Managing life transitions or career transitions can sometimes feel unmanageable. In the busy schedules of activities that regularly structure the day, we can often forget the improvisational component of life. How do we remember to embrace the unknown possibilities just around the bend?
Transitions embody an element of time, a duration not always known, or anticipated, but they often provoke a sense of impatience. A way to resolve, or at the very least, embrace the uncertainty of transitions, is to become aware of cyclical patterns in life and nature, or perhaps incorporate a ritual or ceremony that expresses time and times of change.
If we think about times of transition, I think it is helpful to ponder the very concept of time itself to help frame our attitude toward change.
Listening to an interview of physicist Carlo Rovelli on an recent On Being podcast, I was especially fascinated by his explanations about time, and his interpretation of Einstein’s famous quote about time being an illusion. The title of the episode itself offers wisdom in and of itself: “All Reality is Interaction”.
In a condolence letter in 1955 to the family of his dearly departed friend, Michele Besso, Albert Einstein wrote,
“For those of us who believe in physics, the distinction between past, present and future is only a stubbornly persistent illusion.” –Albert Einstein
Rovelli offered up his understanding about the context for Einstein’s words – the lost of a dear friend, and being in front of his own death.
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“And when he’s saying there is something illusory in time, I think he’s talking about emotions, and he’s talking about something in a sense deeper and more important than the physical nature of time. He’s talking about the illusion of life, of our experiences… [T]here’s no time on a fundamental level, and nevertheless, we human beings live in time. We live in time like fish in the water. For us, it’s impossible to think of ourselves without time… [I]t’s a different question — “What is time in the fundamental level of physics?” from the question, “What is time for us?” And for us, it touches a lot of things, including emotional things.” –Carlo Rovelli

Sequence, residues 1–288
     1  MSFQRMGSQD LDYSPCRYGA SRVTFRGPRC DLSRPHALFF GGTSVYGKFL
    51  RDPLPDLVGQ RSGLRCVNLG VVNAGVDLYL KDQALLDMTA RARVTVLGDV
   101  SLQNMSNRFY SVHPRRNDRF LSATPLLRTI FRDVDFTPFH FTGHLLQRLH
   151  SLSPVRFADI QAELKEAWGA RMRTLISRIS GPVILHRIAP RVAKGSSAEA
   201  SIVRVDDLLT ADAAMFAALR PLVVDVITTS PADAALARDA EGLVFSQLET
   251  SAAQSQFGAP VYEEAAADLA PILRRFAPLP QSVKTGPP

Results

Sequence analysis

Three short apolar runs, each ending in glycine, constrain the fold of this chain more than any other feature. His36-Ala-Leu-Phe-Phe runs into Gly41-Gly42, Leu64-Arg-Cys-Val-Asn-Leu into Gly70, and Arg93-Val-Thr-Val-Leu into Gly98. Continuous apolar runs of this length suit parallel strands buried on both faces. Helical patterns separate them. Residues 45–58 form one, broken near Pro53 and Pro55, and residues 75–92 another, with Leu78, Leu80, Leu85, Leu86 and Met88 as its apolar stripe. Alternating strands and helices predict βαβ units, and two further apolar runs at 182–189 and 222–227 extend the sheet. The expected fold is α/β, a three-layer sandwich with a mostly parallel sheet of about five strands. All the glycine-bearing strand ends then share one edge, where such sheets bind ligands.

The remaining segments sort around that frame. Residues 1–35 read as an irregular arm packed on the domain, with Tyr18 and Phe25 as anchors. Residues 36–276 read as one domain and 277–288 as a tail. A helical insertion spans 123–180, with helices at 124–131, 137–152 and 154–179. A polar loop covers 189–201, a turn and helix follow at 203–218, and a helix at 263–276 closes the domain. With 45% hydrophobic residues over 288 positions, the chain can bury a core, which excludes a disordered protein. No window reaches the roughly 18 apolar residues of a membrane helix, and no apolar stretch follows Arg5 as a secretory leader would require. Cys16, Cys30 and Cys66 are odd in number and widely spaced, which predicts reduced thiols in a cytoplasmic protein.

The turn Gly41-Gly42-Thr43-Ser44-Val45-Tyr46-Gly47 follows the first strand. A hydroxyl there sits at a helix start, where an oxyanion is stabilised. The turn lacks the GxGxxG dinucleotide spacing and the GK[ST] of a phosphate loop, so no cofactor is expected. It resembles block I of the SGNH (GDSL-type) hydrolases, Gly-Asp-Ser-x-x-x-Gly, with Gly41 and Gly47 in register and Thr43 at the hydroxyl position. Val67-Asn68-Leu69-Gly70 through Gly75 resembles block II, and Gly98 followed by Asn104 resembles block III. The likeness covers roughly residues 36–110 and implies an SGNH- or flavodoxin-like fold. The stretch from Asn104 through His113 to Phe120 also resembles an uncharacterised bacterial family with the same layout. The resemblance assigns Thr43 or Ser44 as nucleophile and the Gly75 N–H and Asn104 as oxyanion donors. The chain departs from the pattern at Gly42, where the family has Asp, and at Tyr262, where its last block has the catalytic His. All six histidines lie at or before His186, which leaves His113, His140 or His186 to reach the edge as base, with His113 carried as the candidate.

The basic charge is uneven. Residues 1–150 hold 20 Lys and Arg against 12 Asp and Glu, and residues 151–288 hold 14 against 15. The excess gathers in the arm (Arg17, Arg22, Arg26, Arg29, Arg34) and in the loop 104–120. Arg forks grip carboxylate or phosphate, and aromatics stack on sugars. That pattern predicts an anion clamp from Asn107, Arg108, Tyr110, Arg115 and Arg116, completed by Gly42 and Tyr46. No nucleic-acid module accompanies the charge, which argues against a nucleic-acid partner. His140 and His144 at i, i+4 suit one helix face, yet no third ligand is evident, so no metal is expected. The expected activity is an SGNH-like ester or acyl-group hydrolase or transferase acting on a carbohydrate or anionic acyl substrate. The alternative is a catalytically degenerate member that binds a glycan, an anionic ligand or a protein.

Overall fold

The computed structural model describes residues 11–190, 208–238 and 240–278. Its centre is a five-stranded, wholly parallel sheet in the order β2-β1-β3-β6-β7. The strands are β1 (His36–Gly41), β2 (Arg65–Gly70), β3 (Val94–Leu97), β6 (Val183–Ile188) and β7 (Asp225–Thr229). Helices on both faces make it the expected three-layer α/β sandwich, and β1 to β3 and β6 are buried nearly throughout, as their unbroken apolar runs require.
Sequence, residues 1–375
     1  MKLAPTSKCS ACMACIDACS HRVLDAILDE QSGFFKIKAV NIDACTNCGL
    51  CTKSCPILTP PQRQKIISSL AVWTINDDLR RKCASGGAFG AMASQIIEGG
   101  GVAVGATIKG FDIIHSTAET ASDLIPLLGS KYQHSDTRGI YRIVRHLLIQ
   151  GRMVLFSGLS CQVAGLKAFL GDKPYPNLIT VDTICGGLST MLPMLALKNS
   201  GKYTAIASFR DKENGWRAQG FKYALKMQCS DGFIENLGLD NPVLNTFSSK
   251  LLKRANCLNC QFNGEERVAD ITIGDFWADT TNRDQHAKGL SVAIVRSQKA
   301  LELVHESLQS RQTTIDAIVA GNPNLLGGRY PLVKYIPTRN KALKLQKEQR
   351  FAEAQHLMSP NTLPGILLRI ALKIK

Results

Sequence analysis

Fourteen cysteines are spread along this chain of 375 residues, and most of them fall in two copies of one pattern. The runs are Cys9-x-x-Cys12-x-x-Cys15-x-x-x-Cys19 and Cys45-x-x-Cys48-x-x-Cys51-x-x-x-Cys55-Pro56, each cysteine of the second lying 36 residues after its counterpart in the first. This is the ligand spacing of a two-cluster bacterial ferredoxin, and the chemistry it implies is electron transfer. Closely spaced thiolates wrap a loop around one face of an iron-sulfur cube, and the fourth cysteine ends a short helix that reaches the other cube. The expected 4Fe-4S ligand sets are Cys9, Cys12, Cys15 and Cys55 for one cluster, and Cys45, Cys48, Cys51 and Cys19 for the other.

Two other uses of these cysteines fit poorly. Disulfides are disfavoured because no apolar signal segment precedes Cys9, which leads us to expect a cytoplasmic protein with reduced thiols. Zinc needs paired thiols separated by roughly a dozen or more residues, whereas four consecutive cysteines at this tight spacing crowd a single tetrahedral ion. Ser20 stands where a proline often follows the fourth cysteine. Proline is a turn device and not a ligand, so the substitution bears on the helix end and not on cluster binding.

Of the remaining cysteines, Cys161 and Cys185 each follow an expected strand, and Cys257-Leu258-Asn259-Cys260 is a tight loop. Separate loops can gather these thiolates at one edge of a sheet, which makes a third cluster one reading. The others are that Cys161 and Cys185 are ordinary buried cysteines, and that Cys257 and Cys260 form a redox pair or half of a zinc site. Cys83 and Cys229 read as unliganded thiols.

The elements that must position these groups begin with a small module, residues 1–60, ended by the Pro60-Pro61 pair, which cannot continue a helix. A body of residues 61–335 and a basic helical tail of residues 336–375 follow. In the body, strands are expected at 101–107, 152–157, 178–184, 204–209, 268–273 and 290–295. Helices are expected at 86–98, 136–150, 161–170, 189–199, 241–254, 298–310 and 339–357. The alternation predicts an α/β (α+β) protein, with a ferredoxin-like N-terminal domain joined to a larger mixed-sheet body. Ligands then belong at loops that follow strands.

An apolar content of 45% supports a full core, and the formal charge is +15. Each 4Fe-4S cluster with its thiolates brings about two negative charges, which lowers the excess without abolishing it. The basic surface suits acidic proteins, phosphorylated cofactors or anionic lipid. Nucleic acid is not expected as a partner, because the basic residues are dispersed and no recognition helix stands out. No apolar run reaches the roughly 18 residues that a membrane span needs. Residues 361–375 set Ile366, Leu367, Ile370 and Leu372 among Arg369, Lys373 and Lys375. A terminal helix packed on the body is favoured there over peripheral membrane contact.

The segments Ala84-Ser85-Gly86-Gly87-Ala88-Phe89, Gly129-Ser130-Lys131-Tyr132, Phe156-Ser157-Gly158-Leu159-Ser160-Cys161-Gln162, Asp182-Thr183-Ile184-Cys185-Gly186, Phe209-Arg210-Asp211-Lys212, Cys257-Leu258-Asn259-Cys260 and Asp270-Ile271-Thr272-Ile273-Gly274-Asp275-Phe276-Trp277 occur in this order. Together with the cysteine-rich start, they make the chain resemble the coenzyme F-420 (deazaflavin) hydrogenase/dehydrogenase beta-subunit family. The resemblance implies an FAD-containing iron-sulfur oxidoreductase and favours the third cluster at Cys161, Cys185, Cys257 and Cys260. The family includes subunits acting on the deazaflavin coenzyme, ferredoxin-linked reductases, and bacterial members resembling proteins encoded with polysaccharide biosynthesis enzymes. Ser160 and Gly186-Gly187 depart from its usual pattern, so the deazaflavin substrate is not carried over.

Managing transitions, which to our emotions and experience as human beings, occur within a seeming duration or period of time, might be managed better, if we let go of the emotional baggage of time – ‘this is taking too long,’ or ‘this is happening more quickly than I feel I can control.’ Instead, we can focus on the reality of interactions as the underpinnings of how things occur in the universe.
Interaction, Quantum Physics & Transition
Transition doesn’t happen in isolation but in relationship to life, and life’s pattern with experiences, occurrences and happenings. If we look at transitions through the lens of quantum physics, it’s interesting to think about reality as interactions.
“[Q]uantum physics does not describe how things are, but how things interact with one another. So, I think this is general — even we human beings — I’m not a thing; I’m a net of interactions with the world around me, with the people who know me, who love me. It’s a more powerful way of trying to grasp reality by focusing on what interacts with what and how.” –Carlo Rovelli
We can view transitions as a shift in our interactions. Transitions are occurring all the time. It happens when we change the patterns of: who we interact with, which people; the places where such energetic happenings are occurring, and how such interactions are manifesting.
Spring embodies Transition
The seasons, and spring in particular, provide wonderful symbolism for change and movement through the different energies of nature’s cycles. Spring’s tangible vigor for renewal, growth, opening and awakening is a time that offers hope and an energetic affirmation for new possibilities.
“Happiness radiates like the fragrance of a flower and draws all good things towards you” -Maharishi Mahesh Yogi
Mindfulness of spring allows us to more deeply experience the blooming of flowers, new growth of plants and trees and the emergence of all forms of new life. With that growth awareness, transitions can be experienced as birthing new possibilities for our interactions with, and participation in, life.